A person loses anywhere from 900 to 1,400 milligrams of sodium per each liter of sweat. Sodium is necessary for athletic performance because it maintains the proper water level in the blood. If a person works out too strenuously and does not replace sodium lost, a condition known as hyponatremia will occur, which causes symptoms such as confusion, dizziness, fatigue, irritability, muscle spasms and vomiting.
In terms of the difference between Gatorade and Powerade's sodium content, Gatorade is 450 milligrams per liter (mg/L) while Powerade contains 225 mg/L. For more serious endurance athletes who can lose several liters of sweat while exercising, Gatorade may be the better option in replacing lost sodium.
For high-performance athletes, sugar is necessary to aid in the absorption of both water and sugar in the blood during exercise. The American College of Sports Medicine recommends a sugar-grams-to-fluid ratio of 4 to 8 percent. Gatorade contains 6 percent sugar, while Powerade consists of 8 percent sugar. In this instance, both Gatorade and Powerade fall within the appropriate sugar levels. Those who are especially sensitive to sugar or who are on low-sugar diets may do best choosing Gatorade.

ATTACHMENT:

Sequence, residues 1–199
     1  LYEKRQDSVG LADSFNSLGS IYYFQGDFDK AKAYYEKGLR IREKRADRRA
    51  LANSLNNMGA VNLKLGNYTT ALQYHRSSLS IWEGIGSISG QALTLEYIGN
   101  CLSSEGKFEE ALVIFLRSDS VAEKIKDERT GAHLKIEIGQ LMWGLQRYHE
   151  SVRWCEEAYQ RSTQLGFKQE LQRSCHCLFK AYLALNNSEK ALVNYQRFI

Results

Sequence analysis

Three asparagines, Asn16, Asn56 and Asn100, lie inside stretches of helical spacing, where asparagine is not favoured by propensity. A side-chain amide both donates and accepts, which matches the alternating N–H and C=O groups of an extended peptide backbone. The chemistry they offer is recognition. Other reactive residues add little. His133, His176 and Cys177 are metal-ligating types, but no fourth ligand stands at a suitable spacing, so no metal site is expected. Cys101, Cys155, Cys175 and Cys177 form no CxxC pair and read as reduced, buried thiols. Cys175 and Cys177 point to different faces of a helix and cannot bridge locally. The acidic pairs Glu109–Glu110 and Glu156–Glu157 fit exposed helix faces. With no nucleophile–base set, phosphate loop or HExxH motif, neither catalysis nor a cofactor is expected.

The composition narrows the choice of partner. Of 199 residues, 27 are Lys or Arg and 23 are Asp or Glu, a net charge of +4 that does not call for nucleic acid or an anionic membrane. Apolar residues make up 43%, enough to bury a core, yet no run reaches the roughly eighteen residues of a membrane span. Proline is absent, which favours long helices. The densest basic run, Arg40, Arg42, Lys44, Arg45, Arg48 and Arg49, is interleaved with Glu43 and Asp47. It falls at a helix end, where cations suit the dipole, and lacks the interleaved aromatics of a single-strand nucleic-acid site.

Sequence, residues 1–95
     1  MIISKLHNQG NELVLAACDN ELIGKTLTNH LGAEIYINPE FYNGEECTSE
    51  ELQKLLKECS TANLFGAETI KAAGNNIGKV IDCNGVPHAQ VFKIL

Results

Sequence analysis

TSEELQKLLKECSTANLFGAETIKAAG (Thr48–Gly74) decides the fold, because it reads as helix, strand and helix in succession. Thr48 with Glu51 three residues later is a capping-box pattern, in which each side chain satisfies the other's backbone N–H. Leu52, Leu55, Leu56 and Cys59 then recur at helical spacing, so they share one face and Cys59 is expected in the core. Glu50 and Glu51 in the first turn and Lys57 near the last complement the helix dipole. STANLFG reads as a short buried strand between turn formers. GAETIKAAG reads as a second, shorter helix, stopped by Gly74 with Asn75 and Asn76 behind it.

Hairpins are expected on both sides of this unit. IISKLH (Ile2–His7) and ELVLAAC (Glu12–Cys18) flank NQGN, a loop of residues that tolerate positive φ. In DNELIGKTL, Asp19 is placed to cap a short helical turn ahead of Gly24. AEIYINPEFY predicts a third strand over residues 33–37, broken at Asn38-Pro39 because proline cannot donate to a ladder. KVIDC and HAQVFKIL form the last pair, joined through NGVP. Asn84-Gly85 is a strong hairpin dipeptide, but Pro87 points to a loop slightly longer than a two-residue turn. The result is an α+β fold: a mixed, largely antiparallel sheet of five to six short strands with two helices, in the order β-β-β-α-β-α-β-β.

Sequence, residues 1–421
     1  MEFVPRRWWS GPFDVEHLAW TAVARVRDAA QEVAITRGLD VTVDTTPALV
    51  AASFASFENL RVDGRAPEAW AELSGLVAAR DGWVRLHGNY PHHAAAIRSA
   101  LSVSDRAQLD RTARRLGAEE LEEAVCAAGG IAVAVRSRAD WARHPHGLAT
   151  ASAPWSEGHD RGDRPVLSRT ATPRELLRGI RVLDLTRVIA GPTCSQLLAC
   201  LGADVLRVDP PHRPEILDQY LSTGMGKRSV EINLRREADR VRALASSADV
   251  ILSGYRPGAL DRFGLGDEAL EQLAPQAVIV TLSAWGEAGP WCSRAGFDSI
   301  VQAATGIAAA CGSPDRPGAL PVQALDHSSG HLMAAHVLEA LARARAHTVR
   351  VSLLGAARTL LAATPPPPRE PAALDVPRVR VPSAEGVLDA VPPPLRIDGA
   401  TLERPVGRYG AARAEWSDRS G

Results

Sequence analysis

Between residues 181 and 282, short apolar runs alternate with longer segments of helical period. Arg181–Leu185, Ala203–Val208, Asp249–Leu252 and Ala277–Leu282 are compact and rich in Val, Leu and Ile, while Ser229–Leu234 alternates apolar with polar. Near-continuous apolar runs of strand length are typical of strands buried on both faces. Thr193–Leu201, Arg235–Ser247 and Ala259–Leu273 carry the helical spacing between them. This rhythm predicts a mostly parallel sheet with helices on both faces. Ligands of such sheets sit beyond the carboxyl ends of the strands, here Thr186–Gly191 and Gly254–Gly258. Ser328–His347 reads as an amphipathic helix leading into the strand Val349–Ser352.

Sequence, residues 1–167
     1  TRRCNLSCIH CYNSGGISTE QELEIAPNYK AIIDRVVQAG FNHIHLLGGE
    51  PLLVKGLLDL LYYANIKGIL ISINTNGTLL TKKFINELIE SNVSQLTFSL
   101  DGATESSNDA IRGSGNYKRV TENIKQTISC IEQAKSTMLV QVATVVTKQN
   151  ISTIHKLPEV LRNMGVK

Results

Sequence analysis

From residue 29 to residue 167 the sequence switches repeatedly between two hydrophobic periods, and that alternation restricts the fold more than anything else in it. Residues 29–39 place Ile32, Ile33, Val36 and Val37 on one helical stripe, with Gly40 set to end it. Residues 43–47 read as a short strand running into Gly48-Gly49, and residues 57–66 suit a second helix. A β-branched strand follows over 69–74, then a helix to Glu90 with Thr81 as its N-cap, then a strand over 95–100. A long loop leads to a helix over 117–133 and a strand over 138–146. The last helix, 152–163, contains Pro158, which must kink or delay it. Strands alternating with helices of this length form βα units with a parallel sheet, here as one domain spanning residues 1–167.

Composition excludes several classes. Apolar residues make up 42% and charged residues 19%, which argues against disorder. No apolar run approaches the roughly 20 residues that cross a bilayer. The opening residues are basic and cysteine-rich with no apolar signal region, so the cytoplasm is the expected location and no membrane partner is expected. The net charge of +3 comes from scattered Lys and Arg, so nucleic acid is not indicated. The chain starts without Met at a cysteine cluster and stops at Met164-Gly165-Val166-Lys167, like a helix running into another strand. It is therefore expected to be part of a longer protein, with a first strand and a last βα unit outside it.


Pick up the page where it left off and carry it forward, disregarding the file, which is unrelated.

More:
Low-calorie Gatorade (G2) contains 30 calories per 12 oz (and 7g of sugar) and is enhanced with electrolytes, potassium, and sodium. Powerade Zero is more similar to VitaminWater Zero. It contains zero calories and, besides being enhanced with the electrolytes, it also contains sodium, calcium, magnesium, potassium, vitamins B3, vitamin B6, and vitamin B12.
When it comes to sport drinks, scientists aim to combine the proper amounts of sugar that can be the most quickly absorbed by the body. Gatorade uses sugars derived from glucose, which is a simple sugar used for absorption. In contrast, Powerade contains a glucose polymer, which is known as maltodextrin. While further research is yet to be conducted, some research indicates that glucose polymers are more readily absorbed than simple glucose.